Another ammonia issue

Byron

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I'm somewhat confused by your last paragraph. Which Seachem and API products are you referring to when you say they eliminate/reduce ammonia?

Re the GH and KH, see if this is posted in the data on your water authority's website.
 
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letterman7

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SeaChem Prime and API Tap Water Conditioner. Both say they neutralize chlorine and chloramine, which is common to larger municipalities to treat water: Monochloramine, often called simply chloramine, is the chemical compound with the formula NH₂Cl. Together with dichloramine and nitrogen trichloride, it is one of the three chloramines of ammonia. So, right out of the tap, we have a high ammonia content. Our local water authority covers three states, so the best guess for water hardness is somewhere between 95 and 120ppm according to data from surrounding areas.
 

Byron

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SeaChem Prime and API Tap Water Conditioner. Both say they neutralize chlorine and chloramine, which is common to larger municipalities to treat water: Monochloramine, often called simply chloramine, is the chemical compound with the formula NH₂Cl. Together with dichloramine and nitrogen trichloride, it is one of the three chloramines of ammonia. So, right out of the tap, we have a high ammonia content. Our local water authority covers three states, so the best guess for water hardness is somewhere between 95 and 120ppm according to data from surrounding areas.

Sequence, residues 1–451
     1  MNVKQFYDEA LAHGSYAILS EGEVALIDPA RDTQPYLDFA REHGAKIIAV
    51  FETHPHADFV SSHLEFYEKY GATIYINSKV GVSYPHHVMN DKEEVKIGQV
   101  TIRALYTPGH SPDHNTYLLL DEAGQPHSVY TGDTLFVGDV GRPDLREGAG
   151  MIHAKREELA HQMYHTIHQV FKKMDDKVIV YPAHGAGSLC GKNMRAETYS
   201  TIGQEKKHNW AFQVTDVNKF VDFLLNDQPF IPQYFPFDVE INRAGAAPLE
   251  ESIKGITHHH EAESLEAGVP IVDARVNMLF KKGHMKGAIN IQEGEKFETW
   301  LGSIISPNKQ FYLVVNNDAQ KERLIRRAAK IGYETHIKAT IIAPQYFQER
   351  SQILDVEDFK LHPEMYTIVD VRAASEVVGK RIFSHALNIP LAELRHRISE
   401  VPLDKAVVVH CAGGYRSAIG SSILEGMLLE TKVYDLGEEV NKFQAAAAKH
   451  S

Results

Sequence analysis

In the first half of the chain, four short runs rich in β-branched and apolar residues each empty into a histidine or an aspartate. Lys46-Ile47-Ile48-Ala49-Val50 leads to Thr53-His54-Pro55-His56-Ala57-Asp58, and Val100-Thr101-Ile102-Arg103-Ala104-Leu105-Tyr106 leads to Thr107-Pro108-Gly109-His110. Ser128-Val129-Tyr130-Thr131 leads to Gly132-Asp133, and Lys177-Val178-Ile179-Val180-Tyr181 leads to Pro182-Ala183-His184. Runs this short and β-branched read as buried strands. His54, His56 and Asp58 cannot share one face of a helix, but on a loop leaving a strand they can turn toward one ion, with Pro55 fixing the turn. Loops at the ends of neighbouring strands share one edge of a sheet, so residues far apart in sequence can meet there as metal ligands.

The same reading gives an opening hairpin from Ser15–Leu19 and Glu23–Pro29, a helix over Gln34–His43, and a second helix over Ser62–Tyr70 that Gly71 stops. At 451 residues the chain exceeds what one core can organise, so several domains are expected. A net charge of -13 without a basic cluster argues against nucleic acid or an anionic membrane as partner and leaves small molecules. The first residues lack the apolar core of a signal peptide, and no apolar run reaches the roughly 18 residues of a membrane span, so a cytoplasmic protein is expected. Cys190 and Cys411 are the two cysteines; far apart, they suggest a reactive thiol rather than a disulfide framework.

This may be old news, but...

Prime "detoxifies" ammonia, it does not reduce or remove it. It is only effective for 24-36 hours, after which if any "ammonium" remains it reverts to toxic ammonia. I don't know how the API works but it will not remove or reduce "ammonia" either. I use this conditioner but I do not have ammonia issues (only chlorine fortunately) and with all my live plants and a good cover of floating, I have never see ammonia or nitrite above zero in all the years. Lucky on that score anyway.

Water is very soft, so that settles the GH.
 
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letterman7

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Hmm.. I think I have to disagree with you Byron. Yes, ammonia is not removed, only bound by a water treatment. Once bound, it does not "revert" back to ammonia. Chemically, it's can't do that. Both Prime and API bind ammonia initially upon adding it to a water change or fresh tank; it will not bind with any new ammonia after that 24-48 hour period, hence water changes every couple of days. Water hardness of less than 17 is considered 'soft': soft 0 - 17.1 parts per million (ppm); slightly hard 17.1 – 60 ppm; moderately hard 60 - 120 ppm; hard 120 - 180 ppm; and very hard 180 or more ppm. Most of eastern PA where I'm at has hard water with the local geology.
 

Byron